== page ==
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A dusty gravel road, the smell of wet soil after a thunderstorm and a John Deere tractor. All three these elements are characteristic of the South-African farming landscape.
In a previous issue of ProAgri we published an article about the most brainy John Deere tractor ever but a question still hovered in our minds: Exactly where did all this originate from and what exactly made an American company become such part and parcel of South African farms and the lifestyle of its farmers?
John Deere marketed its first plough in 1837; one that could till the tough soils of the American Midwest and which prevented the tacky clay sticking to the ploughshare, forcing the share out of the ground. Four years later he had produced a hundred of these ploughs. However, it did not take long before he encountered problems: The market demanded pulling power which could make this type of plough move faster than a team of horses or oxen.
The first time when the name John Deere was mentioned in South Africa, was when two of these ploughs were sold at an auction in the Eastern Cape in 1878. History tells us that a ship ran aground on the East Coast in the vicinity of Bathurst and that two of these ploughs were among the salvageable cargo in the ship’s hold.
In March 1912 the John Deere board of directors decided that the firm would develop its first tractor. For the next five years this project demanded their attention and in the end the Dain Type – named after the designer – became reality.
However, these tractors were too expensive for the market and only 90 of the model were sold. In 1918 John Deere bought the Waterloo Gasoline Engine Company and started manufacturing the Waterloo Boy tractor in earnest. This tractor, with its elementary and sturdy design, could be offered to the market at a more affordable price – in 1918 the Waterloo Boy was sold at $700 against the approximate $1 200, which was the price of the Dain Type.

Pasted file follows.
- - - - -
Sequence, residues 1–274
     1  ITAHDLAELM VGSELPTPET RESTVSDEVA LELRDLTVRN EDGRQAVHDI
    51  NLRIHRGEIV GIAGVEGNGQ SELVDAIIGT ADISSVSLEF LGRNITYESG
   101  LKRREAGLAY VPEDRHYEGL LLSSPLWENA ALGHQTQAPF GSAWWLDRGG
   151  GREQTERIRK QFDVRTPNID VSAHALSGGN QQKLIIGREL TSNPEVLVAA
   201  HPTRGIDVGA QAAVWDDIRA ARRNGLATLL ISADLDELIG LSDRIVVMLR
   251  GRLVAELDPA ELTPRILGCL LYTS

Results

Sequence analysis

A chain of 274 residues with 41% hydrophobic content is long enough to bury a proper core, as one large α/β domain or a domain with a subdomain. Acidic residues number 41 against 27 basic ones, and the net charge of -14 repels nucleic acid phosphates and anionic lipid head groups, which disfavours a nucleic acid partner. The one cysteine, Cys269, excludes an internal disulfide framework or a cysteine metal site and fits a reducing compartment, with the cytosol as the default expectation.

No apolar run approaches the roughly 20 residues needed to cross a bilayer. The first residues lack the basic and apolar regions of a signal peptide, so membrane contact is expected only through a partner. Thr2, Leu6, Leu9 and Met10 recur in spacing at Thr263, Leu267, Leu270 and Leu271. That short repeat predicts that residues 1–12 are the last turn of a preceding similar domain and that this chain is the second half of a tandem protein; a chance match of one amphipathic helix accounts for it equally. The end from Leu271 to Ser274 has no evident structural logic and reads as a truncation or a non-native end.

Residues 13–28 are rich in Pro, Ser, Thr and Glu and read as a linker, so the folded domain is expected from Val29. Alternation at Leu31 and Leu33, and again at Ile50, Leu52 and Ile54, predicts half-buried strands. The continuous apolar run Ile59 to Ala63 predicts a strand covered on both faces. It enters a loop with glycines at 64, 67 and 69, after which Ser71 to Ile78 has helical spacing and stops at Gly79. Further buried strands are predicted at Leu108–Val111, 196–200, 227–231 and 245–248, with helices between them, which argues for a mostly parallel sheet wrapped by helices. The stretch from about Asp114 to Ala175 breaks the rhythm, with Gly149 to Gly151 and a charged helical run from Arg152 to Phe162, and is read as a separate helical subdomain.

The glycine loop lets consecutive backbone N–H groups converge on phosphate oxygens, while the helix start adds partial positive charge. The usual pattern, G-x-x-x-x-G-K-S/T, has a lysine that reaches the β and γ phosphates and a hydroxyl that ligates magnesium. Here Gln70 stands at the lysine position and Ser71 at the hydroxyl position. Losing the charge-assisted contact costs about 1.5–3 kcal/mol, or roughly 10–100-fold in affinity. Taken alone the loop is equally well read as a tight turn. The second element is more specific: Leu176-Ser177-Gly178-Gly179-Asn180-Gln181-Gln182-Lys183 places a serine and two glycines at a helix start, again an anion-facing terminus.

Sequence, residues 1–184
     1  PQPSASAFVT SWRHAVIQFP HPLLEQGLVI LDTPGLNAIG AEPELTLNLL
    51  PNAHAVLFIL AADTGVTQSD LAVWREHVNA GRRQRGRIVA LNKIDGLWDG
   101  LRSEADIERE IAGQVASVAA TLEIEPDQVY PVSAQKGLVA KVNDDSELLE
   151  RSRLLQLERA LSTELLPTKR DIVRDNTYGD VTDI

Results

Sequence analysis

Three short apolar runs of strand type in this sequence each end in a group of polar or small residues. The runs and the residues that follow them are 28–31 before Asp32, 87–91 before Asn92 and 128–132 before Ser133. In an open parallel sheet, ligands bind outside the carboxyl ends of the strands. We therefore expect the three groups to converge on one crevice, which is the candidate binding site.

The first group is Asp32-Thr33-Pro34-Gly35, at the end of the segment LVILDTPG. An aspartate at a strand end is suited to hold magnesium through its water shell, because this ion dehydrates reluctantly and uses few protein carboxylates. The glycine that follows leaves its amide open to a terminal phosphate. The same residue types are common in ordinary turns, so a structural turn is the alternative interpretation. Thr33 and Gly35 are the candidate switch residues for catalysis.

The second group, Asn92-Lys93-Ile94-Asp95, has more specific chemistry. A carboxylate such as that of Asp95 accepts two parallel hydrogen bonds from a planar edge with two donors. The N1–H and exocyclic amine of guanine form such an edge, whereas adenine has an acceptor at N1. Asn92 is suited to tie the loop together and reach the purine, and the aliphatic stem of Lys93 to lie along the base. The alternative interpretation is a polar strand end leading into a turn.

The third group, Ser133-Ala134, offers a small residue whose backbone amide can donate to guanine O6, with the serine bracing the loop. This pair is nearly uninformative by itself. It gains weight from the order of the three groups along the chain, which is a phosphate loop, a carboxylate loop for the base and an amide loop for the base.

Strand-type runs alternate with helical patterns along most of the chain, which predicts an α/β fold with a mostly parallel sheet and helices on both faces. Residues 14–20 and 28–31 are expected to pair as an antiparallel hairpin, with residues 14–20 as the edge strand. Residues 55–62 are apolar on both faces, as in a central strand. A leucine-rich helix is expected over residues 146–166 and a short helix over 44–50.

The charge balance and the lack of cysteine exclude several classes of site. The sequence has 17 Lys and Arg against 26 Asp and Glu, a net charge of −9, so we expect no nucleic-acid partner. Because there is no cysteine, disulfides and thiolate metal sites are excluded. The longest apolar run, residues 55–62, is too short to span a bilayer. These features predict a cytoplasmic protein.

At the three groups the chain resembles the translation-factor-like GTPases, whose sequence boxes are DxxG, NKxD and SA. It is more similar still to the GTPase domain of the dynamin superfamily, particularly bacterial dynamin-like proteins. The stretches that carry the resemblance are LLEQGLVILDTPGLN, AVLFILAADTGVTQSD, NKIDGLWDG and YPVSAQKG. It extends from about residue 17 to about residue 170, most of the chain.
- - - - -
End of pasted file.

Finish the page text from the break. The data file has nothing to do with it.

As was wont for any sensible business, John Deere did not stop when they had the Waterloo Boy – there was always the belief of improving a concept. Continuing with redesign and improvement, the Model D was introduced to farmers in 1924. In the following 29 years John Deere sold 161 000 units of this tractor model. Part of the popularity of the model was due the fact that, with its two-cylinder engine, it could pull a triple-furrow plough with ease.
In 1934 John Deere made a further leap with the new Model A tractor. With its 23,5 horsepower (17,5 kW) engine, it soon became the market leader. This tractor also boasted a hydraulic lift mechanism and its rear wheels could be adjusted so that it was able to work differing row widths.
However, John Deere knew the firm would not remain the leader if it merely rested on its laurels – it worked hard at remaining the leader in agricultural mechanisation and in 1938 the Model A-series tractor was launched, succeeded by the Model G. A year later the Model H followed and the M- and R-models were introduced respectively in 1947 en 1949.
The 1950s were characterised by the launching of no fewer than 15 new John Deere models. The tractors featured new technology such as the three point hitch system, power steering and a power take-off (pto) facility.
However, farmers were continuously clamouring for more powerful tractors, which forced John Deere to substitute is two-cylinder engines with newly designed four-cylinder models. By the early 1960s the 1010, 2010, 3010 and 4010 John Deere tractors were launched.
Later in the same decade John Deere also launched its 8010 and 8020 models – the first four wheel drive tractors on the market. A highlight of John Deere’s ingenuity in the 1970s was the 8640-model, which was fitted with an immensely powerful engine of 275 horsepower (205 kW). In the 1980s at least 38 new John Deere models – each more powerful than the previous generation – saw the light.
But, as we know, body muscles perform vastly better when there is a cool head to steer the performance. In die 1990s John Deere started developing the third generation tractors with more electronic control technology enabling the farmer to make the most of his farming insets and to farm with higher precision.
In the new millennium John Deere turned all the more to electronics to produce the most innovative implements. The JD tractors not only became more powerful but also smarter. With continuous improvements and smart design John Deere has been giving its clients only the best over the past 182 years. JD still follow the same winning recipe which made the firm grow from a humble plough to the most advanced John Deere 8RX – the world’s first fixed-frame tractor with four caterpillar tracks, which will also become available in South Africa in 2020.
The 8RX combines artificial intelligence, electronic control utilising the internet, and advanced automatic features which will enable farmers to farm even more efficiently and enable them to remain relevant in the ever-changing competitive global market.